Afterwards Alex saw that he should be flattered by this vicarious interest. He had a quite pleasant sense of himself going up as Justin went down, and of being recharged in Justin’s eyes by his success with Danny. But then he saw that if Justin left Robin he would be on the loose again, and he felt a feebly possessive instinct realerted. He also thought wistfully how nice it would be, on top of all his other perfections, his sulky beauty and manic energy, those breathtaking sprints and tranced lulls, if Danny made him laugh like Justin did.
They didn’t travel down together. Danny, who was free to do so, went down the day before on the train, and had arranged to be met at Crewkerne by Terry; Alex wasn’t sure if he was paying him. He went disconsolately to a straight dinner-party in Wandsworth, in the house of contemporaries who seemed to him already middle-aged; he felt he had dropped a decade. He wanted to tell them about his new impromptu life, so remote from these pleasant predictable evenings, and he noted their nostalgia and worry when the talk touched on what their teenage children did, but he kept it to himself. He always took the young people’s side, which was droll for someone who worked in pensions. His last dinner-party had been a takeaway at Danny’s friend Carlton’s, where they sat on the floor and listened to techno. Techno was like house, but “harder,” as Danny said, and seemed to have no words or tunes in it; you could only have it on very loud. It wasn’t the perfect Tafel-musik, but Alex had loved crouching there and bawling his head off.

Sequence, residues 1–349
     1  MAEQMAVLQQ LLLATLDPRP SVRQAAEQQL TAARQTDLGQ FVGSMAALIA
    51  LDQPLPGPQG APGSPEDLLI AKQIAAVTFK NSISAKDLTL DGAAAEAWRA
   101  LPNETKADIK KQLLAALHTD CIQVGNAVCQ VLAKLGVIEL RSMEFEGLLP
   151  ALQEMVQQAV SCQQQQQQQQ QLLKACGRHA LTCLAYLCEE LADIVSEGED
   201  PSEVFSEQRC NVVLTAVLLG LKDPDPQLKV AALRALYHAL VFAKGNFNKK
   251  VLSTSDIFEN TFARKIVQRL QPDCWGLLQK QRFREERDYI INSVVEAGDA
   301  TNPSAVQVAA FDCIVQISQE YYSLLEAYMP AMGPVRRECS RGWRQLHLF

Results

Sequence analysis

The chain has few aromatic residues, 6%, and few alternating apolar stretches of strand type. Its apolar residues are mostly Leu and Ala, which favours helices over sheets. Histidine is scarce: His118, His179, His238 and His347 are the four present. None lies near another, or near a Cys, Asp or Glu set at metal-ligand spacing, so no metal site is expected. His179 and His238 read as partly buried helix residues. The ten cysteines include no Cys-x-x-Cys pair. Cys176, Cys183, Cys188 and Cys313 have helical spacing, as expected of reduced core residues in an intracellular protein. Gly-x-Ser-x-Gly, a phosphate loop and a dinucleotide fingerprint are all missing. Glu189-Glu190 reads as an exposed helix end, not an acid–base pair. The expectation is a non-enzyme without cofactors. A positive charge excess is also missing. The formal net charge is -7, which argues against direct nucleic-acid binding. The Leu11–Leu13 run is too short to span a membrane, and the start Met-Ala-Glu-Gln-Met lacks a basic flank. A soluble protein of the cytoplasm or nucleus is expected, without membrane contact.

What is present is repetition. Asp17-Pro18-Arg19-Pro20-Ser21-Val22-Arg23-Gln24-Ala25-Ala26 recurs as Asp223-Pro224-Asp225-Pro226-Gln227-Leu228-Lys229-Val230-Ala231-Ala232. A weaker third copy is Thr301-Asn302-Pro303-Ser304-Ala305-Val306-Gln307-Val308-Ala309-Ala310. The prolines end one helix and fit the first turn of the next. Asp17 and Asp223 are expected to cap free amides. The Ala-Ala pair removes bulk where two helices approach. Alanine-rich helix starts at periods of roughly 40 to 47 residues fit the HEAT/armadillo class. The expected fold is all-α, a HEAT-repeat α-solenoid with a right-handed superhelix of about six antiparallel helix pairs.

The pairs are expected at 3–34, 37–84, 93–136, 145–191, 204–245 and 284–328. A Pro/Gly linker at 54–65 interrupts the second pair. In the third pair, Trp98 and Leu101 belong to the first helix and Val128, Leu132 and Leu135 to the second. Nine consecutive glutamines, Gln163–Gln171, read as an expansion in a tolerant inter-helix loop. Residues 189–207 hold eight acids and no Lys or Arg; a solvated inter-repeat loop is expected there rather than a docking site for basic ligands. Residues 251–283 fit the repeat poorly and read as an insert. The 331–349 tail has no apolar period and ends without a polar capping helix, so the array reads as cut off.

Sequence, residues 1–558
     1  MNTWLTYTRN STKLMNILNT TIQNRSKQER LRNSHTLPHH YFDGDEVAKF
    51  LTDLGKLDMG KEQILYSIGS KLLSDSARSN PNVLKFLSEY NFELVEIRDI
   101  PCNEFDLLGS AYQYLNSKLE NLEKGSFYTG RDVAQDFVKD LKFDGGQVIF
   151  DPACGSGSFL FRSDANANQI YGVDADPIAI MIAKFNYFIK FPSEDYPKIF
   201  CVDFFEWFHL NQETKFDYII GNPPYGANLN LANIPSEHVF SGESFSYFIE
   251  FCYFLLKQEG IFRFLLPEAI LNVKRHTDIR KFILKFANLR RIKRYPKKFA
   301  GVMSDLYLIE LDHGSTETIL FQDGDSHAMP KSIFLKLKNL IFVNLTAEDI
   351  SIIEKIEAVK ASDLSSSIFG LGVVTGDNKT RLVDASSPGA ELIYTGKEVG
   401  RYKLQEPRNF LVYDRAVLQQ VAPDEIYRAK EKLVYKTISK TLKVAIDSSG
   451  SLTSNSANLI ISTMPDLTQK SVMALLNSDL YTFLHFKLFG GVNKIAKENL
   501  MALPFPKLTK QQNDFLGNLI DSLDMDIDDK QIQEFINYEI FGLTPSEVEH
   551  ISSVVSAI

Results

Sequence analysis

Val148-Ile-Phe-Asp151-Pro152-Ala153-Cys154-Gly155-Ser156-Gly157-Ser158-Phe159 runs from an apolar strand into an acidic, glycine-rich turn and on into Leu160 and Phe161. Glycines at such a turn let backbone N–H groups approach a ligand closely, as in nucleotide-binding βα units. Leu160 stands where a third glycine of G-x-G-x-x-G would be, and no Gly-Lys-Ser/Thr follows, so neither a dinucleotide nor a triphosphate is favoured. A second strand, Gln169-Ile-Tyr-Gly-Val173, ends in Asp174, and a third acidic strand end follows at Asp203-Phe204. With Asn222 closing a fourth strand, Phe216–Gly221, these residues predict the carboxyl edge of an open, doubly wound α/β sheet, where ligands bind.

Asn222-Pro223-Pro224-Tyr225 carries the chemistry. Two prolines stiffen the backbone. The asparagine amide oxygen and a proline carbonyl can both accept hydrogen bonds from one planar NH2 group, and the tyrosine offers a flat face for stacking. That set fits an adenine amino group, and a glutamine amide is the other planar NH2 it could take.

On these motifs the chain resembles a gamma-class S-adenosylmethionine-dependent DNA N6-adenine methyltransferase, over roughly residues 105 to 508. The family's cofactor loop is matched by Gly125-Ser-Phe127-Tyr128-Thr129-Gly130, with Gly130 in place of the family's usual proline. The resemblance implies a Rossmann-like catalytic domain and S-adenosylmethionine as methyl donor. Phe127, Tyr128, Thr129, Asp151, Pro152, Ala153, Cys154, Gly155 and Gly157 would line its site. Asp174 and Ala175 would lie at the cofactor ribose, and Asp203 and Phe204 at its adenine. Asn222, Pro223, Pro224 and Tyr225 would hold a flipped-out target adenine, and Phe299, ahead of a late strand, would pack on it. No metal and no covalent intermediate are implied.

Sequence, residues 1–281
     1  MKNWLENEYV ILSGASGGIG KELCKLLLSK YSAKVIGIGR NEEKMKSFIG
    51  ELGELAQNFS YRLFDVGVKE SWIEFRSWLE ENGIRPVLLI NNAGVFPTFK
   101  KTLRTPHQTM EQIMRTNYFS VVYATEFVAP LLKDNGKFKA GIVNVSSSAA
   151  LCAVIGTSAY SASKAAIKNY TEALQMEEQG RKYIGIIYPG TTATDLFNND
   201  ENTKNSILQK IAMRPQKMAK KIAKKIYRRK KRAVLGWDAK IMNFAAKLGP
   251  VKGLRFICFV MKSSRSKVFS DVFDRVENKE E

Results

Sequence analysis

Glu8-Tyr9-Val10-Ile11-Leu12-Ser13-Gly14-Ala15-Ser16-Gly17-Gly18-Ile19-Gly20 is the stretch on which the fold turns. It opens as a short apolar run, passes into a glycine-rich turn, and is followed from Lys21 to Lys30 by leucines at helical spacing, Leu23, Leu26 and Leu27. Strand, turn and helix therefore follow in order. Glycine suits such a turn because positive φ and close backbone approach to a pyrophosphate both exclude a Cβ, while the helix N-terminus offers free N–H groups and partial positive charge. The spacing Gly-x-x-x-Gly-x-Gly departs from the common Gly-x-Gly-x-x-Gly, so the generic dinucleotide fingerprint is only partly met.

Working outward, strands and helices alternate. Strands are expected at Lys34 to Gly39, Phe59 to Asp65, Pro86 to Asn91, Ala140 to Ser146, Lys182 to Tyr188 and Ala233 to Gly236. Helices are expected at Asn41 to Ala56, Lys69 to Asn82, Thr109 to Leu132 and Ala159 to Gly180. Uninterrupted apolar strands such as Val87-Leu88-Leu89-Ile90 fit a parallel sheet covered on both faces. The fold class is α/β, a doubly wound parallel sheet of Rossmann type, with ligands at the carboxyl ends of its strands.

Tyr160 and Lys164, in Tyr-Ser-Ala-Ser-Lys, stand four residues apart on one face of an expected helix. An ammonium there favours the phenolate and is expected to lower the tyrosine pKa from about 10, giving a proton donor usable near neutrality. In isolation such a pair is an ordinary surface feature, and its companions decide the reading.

Danny rang early next morning, as excited as a child. “Hurry, hurry, hurry!” he said. “It’s fantastic down here. I’ve been up since six. It’s a fantastic day!”
“I’m just on my
“Good. I can’t wait to see you.”
“I’m longing to see you.” Alex laughed. “I do adore you, Danny.”
“Oh I love you so much,” said Danny, and rang off as if too elated to say anything else. Alex gazed at the phone with tears running down his cheeks and an aching erection.
He hardly noticed the three hours of the journey, they were eaten up by his thoughts and feelings. It was a hazy morning which clarified into stunning heat, and he roared along with the roof down in a private vortex of wind and sunlight. He sensed there were comparisons to be made between this journey to Dorset and the earlier two, but he left them luxuriously unexamined. The points on the route, turn-offs, sudden views, an ugly garage, cropped up with the stumbling fluency of something almost learnt, expected as soon as seen. When he came to the junction where an old white finger-post made the first reference to Litton Gambril his heart raced with proprietary emotion. He had to remind himself that the villagers were all against him; though when he drove past the church and the cottage gardens with their pink rose arches and the early lunch-time groups outside the Crooked Billet, he knew the place was nothing more than indifferent to him.